Megan: No, not really. But then again, we don’t wanna take peoples’ rights away, like the right to bear arms.

Des: Right.

Megan: Which would be totally unfair to those people.

Des: I mean, I’m fine with not having that right, I just don’t think it’s a thing that will happen.

Why did you decide to tell your story?

Megan: Mostly, because I know there’s someone out there with similar stories, or similar problems. Maybe my story can help them. Maybe it can convince them to seek help or seek a friend. It’s not to boost my ego, or anything. I don’t have an ego to boost, anyway. But mostly, it’s just to help other people. Pay it forward, I guess you could say.

Des: What does it mean to be an attempt survivor, especially after a loss? How does that feel?

Megan: In all honesty, it makes me feel like a failure, because I wanted to [die by] suicide after my dad [died by] suicide. I’m not thinking of the consequences that’ll go with that action. It just makes me seem like a selfish person.

It’s really hard a lot of the time just to fight that feeling—the urge to want to die, to want to completely end it, to want to join my dad.

Yeah, my dad is the world to me, but so are my friends. So are my grandparents. There’s more to life than just one person. Not that I’m saying one person doesn’t matter. Everybody matters. You have to look at the bigger picture.

Des: You know that’s normal, right? To feel suicidal after you lose someone?

Megan: Yeah.Now I know that. After like four years of not knowing it.

Des: You’ve gotta know this. Totally normal. It’s just terrifying. Normal and terrifying.

Megan: Exactly.

Megan's story is sponsored by a grant from the hope & grace fund, a project of New Venture Fund in partnership with global women’s skincare brand, philosophy, inc. Thanks also to Taryn Balchunas for providing the transcription to Megan's interview, and to Sara Wilcox for editing.

Misha Kessler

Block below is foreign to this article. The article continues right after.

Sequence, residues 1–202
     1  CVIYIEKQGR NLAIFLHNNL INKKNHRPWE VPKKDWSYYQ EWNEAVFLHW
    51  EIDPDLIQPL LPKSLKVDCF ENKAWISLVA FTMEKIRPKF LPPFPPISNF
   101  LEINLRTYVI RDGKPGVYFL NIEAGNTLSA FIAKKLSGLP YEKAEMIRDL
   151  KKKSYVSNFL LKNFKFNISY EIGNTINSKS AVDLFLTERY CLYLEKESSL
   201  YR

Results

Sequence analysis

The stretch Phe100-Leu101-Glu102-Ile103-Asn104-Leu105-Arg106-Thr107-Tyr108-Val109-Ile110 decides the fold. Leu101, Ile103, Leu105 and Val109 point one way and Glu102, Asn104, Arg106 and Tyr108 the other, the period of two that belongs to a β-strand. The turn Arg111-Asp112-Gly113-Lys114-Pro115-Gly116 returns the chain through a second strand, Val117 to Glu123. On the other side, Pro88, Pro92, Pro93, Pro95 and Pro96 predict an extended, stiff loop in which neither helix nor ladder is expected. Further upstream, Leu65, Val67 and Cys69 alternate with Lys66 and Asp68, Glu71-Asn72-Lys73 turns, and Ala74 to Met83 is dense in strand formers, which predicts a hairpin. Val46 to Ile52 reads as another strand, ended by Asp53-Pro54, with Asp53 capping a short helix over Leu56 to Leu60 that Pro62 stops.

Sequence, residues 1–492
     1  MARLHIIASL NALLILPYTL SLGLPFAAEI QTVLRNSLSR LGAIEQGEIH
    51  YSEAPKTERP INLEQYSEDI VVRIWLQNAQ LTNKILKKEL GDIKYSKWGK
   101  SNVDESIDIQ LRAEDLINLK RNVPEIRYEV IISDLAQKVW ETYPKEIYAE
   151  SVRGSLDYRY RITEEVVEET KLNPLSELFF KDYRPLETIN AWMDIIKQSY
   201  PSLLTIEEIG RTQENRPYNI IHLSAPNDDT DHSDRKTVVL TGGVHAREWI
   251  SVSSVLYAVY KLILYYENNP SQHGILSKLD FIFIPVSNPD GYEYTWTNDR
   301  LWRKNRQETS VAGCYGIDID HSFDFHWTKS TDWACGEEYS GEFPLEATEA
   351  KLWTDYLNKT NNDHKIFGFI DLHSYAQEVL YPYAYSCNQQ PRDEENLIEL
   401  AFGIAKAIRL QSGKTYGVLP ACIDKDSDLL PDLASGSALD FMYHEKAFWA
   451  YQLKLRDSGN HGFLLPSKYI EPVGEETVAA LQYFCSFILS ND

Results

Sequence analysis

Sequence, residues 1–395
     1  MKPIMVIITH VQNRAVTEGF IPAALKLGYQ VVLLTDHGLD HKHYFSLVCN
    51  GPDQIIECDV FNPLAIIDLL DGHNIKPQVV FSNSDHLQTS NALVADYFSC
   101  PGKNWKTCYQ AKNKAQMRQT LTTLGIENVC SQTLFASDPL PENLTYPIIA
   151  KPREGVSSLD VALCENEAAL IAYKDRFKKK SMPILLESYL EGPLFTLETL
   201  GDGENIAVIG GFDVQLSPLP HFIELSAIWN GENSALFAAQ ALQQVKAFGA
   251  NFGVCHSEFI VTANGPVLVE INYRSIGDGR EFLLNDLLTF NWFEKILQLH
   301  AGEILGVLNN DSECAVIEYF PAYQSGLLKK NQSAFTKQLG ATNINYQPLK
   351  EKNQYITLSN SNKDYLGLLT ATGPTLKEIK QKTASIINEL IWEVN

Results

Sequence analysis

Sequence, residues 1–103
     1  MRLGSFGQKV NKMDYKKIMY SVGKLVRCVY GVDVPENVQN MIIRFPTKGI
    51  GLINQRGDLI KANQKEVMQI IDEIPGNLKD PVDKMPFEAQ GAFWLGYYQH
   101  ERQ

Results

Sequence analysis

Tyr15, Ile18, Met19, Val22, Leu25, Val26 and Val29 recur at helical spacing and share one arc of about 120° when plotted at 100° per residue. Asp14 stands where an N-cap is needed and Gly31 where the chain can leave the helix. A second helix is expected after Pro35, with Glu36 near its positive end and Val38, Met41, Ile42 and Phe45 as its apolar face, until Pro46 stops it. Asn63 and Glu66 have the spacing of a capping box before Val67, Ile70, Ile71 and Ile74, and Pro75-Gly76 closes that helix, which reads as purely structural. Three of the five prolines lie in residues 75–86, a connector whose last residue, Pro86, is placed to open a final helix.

is a suicide attempt survivor.

this is his story

Misha Kessler

is a suicide attempt survivor.

this is his story

Misha Kessler

is a suicide attempt survivor.

"I survived a suicide attempt."

Misha Kessler is a young professional living in Washington, D.C. I photographed him at the American Association of Suicidology's (AAS) annual conference in Los Angeles on April 11, 2014 and interviewed him later via telephone. He was 23 years old at the time.

I'm gay, and growing up in Cincinnati, Ohio, wasn't always the easiest.

I came out at a very young age and immediately went back in the closet when my coming out did not go well. For about four years through high school, I was pretty much pretending to be straight, or convincing myself I was straight. That was the basis for a very pervasive and very strong self-hatred that told me that I needed to do everything I could to be the best person [I could]—to prove to myself and to prove to my family, that being gay wasn't a total inadequacy and that I wasn't flawed inherently. That started a perfection complex that just started enveloping everything I did and everything I was.

My high school was a very supportive environment. It was a Jesuit school, and Jesuits are basically very liberal Catholics, so they were very supportive. They were very open and they invited me to be open about being gay. The administration was extremely helpful. It didn't necessarily negate my fellow students being completely homophobic, but it was certainly helpful to be able to be myself, to be encouraged to know myself for who I was.

I left high school and I went to college at George Washington University in D.C., and that's where things started to go more downhill. Of course, it was just the standard adapting to a college environment and the stress of classes and not having the support that my high school had once given me, that the religion had once given me. I slowly became less emotionally healthy as I went through my years of college.

I slowly became less emotionally healthy as I went through my years of college.